in Columns

On my music and beyond: On the outer ranges of composerhood

by Jonne Valtonen

“The biggest part of my professional life so far has been writing game music arrangements, which have been performed by symphony orchestras around the world”, writes composer and arranger Jonne Valtonen, who is known for both his contemporary works and for composing and arranging game music.

Visiting the Musica nova contemporary music festival this year was a lovely opportunity to meet colleagues, to have interesting conversations and to enjoy many wonderful concerts. This got me thinking about the widely differing contexts of social life that you have when you are a composer. 

On the one hand, you spend a lot of time by yourself, inside your thoughts, imagining things and trying to write a set of instructions for people who will then try to make those things happen. On the other hand, you are drawn into an orchestra rehearsal or a recording where possibly dozens or hundreds of people demand your attention directly or indirectly. Not just the orchestra members and the conductor, but also the orchestra manager and other staff, recording engineers, producers, journalists, photographers, record label representatives, radio show hosts, and so on. 

It’s a crazy swirl to say the least, at least for me. After the concert is over, as quickly as it started, I am back home inside my head, feeling quite puzzled. When nothing external is going on anymore, I wonder what on earth just happened. I just remember that I loved every bit of it and can recall if some musician gave me the evil eye for writing something awkward, something not to do in the future – which luckily happens very rarely these days.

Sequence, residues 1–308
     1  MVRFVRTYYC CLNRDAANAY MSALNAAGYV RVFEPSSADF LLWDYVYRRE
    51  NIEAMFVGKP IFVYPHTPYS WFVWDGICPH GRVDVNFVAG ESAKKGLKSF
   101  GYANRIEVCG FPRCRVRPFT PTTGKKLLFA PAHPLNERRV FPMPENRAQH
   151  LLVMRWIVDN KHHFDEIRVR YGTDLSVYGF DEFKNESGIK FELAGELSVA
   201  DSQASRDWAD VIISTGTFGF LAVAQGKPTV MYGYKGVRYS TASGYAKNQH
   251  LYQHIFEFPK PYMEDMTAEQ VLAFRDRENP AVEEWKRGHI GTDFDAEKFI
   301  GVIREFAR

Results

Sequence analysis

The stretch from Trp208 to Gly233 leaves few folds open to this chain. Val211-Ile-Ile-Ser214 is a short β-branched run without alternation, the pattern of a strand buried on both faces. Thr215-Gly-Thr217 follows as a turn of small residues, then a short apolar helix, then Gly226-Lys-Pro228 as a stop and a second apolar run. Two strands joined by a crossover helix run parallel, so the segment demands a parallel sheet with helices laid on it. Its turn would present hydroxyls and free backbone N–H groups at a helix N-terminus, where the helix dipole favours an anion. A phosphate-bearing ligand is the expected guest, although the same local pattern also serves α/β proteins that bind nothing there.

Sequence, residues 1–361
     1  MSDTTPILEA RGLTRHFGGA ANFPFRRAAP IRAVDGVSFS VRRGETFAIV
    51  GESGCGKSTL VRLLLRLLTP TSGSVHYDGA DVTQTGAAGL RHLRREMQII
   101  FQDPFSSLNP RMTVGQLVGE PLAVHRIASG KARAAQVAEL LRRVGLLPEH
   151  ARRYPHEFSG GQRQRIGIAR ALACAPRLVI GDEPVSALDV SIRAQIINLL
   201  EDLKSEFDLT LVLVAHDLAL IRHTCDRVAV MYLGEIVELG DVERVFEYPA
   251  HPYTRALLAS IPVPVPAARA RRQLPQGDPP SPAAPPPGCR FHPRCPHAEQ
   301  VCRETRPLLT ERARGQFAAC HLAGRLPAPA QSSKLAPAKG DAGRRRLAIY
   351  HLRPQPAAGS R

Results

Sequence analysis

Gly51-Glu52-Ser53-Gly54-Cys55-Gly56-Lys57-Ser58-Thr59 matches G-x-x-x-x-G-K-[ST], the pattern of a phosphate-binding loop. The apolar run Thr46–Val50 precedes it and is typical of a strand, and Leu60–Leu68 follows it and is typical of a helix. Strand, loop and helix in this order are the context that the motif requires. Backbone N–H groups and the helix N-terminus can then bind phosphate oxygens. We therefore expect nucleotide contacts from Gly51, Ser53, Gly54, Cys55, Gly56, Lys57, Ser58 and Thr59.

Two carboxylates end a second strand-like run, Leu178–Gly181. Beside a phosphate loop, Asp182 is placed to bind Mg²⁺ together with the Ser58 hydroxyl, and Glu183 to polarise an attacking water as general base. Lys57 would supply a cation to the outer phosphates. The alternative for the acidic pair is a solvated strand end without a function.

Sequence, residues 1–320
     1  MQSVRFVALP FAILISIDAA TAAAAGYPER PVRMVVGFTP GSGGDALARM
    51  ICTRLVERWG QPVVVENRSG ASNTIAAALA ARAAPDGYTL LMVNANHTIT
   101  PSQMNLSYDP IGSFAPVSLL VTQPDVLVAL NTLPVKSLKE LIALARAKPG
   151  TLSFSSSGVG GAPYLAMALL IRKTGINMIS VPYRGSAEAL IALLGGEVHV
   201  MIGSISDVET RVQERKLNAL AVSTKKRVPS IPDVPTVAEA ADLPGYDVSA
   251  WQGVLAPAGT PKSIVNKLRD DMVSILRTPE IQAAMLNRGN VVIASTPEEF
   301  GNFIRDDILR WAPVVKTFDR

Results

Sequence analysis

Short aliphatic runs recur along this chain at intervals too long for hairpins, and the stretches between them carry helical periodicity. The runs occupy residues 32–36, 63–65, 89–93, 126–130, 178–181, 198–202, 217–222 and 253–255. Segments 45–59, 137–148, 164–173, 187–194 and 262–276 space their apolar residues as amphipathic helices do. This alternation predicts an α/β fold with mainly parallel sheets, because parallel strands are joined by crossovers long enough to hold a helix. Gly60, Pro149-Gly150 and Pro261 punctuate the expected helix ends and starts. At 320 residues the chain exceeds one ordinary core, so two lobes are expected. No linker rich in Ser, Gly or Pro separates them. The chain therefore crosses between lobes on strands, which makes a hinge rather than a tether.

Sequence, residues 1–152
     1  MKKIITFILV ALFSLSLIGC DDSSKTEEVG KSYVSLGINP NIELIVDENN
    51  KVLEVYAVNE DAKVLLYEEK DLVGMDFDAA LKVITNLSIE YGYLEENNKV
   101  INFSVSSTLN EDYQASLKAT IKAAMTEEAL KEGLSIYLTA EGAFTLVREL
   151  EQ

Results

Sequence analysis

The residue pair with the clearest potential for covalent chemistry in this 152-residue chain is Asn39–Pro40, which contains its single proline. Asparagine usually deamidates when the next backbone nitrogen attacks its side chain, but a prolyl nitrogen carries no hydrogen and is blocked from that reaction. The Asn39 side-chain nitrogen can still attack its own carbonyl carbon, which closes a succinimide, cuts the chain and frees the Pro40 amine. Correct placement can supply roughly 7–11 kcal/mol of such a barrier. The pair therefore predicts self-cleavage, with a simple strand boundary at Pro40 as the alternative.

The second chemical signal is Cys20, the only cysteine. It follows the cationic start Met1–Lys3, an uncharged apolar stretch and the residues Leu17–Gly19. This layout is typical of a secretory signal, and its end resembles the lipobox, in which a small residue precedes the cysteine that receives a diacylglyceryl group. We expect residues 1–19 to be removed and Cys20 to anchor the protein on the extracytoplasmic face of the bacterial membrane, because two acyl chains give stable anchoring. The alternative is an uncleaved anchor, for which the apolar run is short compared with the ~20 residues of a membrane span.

This is what I realised was so different at Musica nova: it was full of wonderful performances, colleagues and chances to meet new people in a relaxed setting. It was how it would be on a lunch break with co-workers in a traditional office job. I guess what I am saying is that we composers (or at least I) don’t get too many of those lunch breaks, which is why the festival was so very refreshing. In a context like this, you can regulate the social interaction and ease into and out of it, something that is not possible when those orchestra rehearsals hit. There, you need to be ready immediately.  

There are other agreeable social settings too, like the lectures and workshops that I give here and there. They are nice breaks in the flow, as I get to meet enthusiastic composition students or people who are just generally interested in what I am doing. This relates to my core work but is still outside of it. I gain new ideas and new energy to move forward.  


I have been writing music continuously for orchestras for over 20 years now. I feel quite privileged to be able to do so. My love for everything orchestral has led me to write in various styles from popular to contemporary. The largest part of my professional life so far has been writing game music arrangements, which have been performed by symphony orchestras around the world. These have varied from arrangements closely following the original music to freer and larger works, from tone poems to a violin concerto up to a three-movement symphony. In each of these arrangements I have applied various approaches, whatever I am asked for or whatever I feel the arrangement needs. I just love the variety of colours and textures you can get out of an orchestra and how flexible the instrument is. Especially with game music arrangements, I have wanted to share my love with audiences, many of whom have never been in a concert hall before.